Friday, October 19, 2012

Veden peili / Watermark

Vattenspegel. FI © 2012 Oy Bad Taste Ltd. P+D+SC: Rax Rinnekangas. DP: Tuukka Ylönen - Venice footage: Camera: Canon 5D Mark II (95% of the final Venice footage) and Canon 7D (5% of the final Venice footage), lenses: Zeiss Compact Primes set & Zeiss Distagon lenses set + Canon EF 24-105mm f/4.0 (steadycam), recording: Full HD 1920x1080, 8 bit and Technocolor Cinestyle - colour profile. - Finnish footage: Camera: RED Scarlet-X - Lenses: Zeiss Compact Primes set & Zeiss Distagon lenses set, recording: RED RAW 4K. Post house: James Post. Colour definition: Pasi Mäkelä in a DaVinci Resolve unit. Release format: 2K DCP. Camera ass: Jarkko Virtanen. M: Pascal Gaigne - played by a trio. S: Heikki Innanen. ED: Jari Innanen. C: Hannu-Pekka Björkman (Lauri Harkko), Kalle Holmberg (his father), Seela Sella (his mother), Nacho Angulo (Carlos Hermita). Loc: Venice (Italy) in winter. In Finnish and Spanish. 97 min. Distributed by Pirkanmaan Elokuvakeskus with Swedish subtitles by Jani Kyllönen. 2K DCP viewed at Kinopalatsi 10, Helsinki, 19 Oct 2012.

Synopsis from the production information: "A half-Jewish Nordic photographer arrives at Venice, Italy, in wintertime to seek the beauty of "Other Leningrad" that Joseph Brodsky, a Nobel -prized Russian poet, found there. The photographer takes silent images in Venice and opens his sinful reality to Brodsky, his only mental brother. The photographer carries the weight of his father who worked as an informer of Jewish people to Nazis during II World War in their home country."


"There is a thematic continuation in Watermark to what I started in Journey to Eden (2011) - both are accounts of a man's guilty mind and his atonement."

"The form of Watermark is, however, new. Instead of essayism it is a dramatic movie interpreted by strong actors and growing into a psychological thriller. Hopefully it is also enigmatic from the beginning to the end."

"It is about an inner crisis which takes the form of a confession during a few days of everyday work in Venice of a man who has been stranded in his life - the photographer Lauri Harkko, played by Hannu-Pekka Björkman."

"We often confess our nightmares to someone who is crucial to us while somehow invisible. In Venice Lauri Harkko opens the weight of his soul to his only soulmate, the Nobel laureate Joseph Brodsky (1940-1996) who was deported from the Soviet Union in 1972 and settled in the United States."

"In Venice Brodsky found his 'other Leningrad' which he visited regularly until his death. Lauri's settlement with Brodsky is related to his father, a scholar at Helsinki University (Kalle Holmberg) who had been an informer of Jews to Nazis during the Second World War."

"The borderline between two religions, shame, guilt, and the search for redemption are subjects which have always interested me. In Watermark these grow into central themes besides the startling relationships to father and mother, in the midst of the wintry beauty of Venice."

"A counterweight to Lauri's shattered mental world is the Spanish pianist Carlos Hermita (Nacho Angulo) who has arrived in Venice for reasons of his own. The encounter of the strangers opens unexpected doors to the realities of the men."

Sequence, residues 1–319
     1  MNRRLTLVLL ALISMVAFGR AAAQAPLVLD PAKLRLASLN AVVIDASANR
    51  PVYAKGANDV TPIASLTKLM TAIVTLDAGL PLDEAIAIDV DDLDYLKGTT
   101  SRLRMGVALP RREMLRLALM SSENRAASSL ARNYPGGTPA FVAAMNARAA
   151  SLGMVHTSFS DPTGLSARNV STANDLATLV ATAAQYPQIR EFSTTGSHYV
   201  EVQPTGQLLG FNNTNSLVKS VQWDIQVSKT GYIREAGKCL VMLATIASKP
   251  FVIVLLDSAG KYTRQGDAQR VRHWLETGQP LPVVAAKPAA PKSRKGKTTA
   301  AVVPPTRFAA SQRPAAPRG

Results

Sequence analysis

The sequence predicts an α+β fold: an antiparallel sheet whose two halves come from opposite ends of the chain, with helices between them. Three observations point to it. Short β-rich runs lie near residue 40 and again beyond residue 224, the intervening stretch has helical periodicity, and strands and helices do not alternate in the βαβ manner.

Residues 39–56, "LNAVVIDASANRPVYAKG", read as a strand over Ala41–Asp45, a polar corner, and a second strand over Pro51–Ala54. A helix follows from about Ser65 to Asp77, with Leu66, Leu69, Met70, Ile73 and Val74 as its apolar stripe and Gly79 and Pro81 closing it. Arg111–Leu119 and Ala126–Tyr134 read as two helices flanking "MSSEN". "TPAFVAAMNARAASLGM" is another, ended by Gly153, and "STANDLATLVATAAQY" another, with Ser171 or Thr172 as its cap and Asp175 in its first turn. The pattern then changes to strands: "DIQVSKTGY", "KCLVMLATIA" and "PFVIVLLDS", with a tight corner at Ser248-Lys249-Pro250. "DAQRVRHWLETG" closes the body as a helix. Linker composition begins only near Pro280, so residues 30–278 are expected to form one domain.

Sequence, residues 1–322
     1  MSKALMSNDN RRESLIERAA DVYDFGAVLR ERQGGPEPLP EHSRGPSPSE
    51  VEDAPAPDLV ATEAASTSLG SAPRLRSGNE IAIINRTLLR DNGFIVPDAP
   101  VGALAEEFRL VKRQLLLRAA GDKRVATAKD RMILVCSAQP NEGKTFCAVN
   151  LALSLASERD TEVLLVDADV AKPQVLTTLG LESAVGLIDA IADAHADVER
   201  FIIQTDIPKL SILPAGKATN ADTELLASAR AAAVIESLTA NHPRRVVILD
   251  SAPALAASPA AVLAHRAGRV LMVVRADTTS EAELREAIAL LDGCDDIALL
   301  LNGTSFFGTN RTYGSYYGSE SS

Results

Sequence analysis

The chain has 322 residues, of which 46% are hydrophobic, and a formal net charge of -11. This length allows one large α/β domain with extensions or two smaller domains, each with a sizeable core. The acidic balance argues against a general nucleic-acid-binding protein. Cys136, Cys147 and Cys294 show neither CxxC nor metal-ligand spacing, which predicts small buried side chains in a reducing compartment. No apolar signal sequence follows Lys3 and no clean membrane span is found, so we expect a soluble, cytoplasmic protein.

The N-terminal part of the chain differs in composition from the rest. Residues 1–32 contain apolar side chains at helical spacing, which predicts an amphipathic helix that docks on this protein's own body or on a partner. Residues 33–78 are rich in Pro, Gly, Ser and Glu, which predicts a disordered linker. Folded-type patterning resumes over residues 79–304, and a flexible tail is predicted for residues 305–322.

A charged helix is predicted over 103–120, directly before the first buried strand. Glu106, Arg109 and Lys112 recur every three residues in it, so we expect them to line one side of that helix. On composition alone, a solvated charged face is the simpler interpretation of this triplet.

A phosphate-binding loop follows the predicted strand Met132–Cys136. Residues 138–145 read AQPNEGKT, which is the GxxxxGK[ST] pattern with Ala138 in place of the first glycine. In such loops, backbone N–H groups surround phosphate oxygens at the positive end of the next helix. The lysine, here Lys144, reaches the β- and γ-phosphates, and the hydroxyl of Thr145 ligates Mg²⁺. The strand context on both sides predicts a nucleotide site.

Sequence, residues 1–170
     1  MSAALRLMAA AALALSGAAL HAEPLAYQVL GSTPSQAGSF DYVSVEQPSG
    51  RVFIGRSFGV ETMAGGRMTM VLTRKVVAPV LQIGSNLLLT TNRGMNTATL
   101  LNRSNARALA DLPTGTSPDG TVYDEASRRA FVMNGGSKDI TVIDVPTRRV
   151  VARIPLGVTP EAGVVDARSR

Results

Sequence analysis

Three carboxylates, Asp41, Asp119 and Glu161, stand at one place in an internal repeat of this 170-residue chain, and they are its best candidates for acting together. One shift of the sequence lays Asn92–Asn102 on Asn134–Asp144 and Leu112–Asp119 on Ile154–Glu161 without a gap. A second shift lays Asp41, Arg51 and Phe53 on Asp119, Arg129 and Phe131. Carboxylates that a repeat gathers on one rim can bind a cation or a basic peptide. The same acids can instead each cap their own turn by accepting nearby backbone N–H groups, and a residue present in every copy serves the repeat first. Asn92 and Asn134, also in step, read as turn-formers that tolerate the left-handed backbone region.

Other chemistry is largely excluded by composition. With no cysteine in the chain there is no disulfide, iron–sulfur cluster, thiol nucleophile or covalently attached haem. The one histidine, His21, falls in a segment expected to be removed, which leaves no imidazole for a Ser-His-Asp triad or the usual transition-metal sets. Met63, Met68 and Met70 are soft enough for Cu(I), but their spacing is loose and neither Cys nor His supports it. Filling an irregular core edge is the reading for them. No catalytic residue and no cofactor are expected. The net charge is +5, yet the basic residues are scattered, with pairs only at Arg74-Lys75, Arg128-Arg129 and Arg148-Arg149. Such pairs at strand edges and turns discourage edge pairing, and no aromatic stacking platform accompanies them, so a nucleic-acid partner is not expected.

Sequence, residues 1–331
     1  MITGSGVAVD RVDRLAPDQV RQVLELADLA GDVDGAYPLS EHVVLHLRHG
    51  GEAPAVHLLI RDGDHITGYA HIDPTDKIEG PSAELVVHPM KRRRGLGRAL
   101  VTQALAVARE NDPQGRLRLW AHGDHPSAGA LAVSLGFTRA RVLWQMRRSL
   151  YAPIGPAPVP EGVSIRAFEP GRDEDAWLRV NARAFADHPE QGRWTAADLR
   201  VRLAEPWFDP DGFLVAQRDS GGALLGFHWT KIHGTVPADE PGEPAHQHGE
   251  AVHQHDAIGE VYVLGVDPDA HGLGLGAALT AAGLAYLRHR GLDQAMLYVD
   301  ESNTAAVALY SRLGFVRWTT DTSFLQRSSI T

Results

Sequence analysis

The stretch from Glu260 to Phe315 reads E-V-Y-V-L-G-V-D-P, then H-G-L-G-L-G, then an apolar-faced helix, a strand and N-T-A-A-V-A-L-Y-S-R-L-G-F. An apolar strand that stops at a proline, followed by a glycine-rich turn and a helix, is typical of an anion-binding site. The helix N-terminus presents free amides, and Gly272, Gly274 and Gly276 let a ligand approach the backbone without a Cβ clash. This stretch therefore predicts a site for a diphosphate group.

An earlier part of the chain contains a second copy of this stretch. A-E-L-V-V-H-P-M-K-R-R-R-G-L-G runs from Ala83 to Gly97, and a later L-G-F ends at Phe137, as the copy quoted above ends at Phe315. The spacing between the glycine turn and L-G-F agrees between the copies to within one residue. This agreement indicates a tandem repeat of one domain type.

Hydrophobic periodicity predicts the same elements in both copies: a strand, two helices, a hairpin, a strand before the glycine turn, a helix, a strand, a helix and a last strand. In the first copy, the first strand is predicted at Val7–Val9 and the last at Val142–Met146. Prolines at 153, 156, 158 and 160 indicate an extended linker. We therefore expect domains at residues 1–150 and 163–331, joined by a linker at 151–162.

"How little we know ourselves. And each other. Watermark is a reflection on these questions. It is also an account of reintegration which in the narrative requires a shocking action to be possible. But who finally is guilty alone? And who is guiltless - in anything in one's life?"

"I would not have made this movie without these extraordinary actors. Nor without this artistic team." Rax Rinnekangas (my translation of the Word from the Director)

It is always a reason to be cheerful when an experimental movie is being released in commercial first-run cinema distribution. Rax Rinnekangas has now made it twice. Watermark is a companion piece to last year's Journey to Eden, which was a cryptic but intriguing pilgrimage story.

Perhaps I was not in the mood, but at first viewing I failed to connect with Watermark the way I did with Journey to Eden. I love what trend-coining critics call slow cinema; it is especially refreshing now that blitz montage is fashionable (although perhaps right now no more as much as in the recent past). Everything is so slow and meditative in Watermark, the tempo, the monologues, the music, that it sometimes borders on monotony.

The subject-matter is strong and heavy. I have a special interest in movies of Jewish relevance, and Watermark certainly belongs to that category. The mother is Jewish, and the father has been an informer of Jews to the Nazis, yet later he has converted to Judaism. But a further dark crime at the bottom of the story is parricide. Lauri has murdered his old father by smothering him with a pillow. I failed to relate with the way these subjects of grand tragedy are handled in Watermark.

Joseph Brodsky is one of the mirror figures of the movie. Another is the composer Galina Sokurova, important for Carlos Hermita. The main mirror is Venice itself, and its waters. There is a Tarkovskyan affinity in the lingering way the water and the walls marked with time are shot. Venice is a mirror of homesickness, as was the Italian experience in Tarkovsky's Nostalghia.

Memorable images: the footage shot in the Venetian Ghetto (Campo del Ghetto Novo is reportedly actually older than the old ghetto), and the Pannelli commemorativi delle vittime veneziane della Shoah; the pale-faced, in real life seriously Eastern Orthodox Christian actor Hannu-Pekka Björkman sporting a yarmulke; the grave of Joseph Brodsky in Venice. A memorable concluding remark: "the relationship of the infinite to the finite cannot be anything else but love".

The visual quality of the presentation was ok regarding that it has been shot on a system camera.

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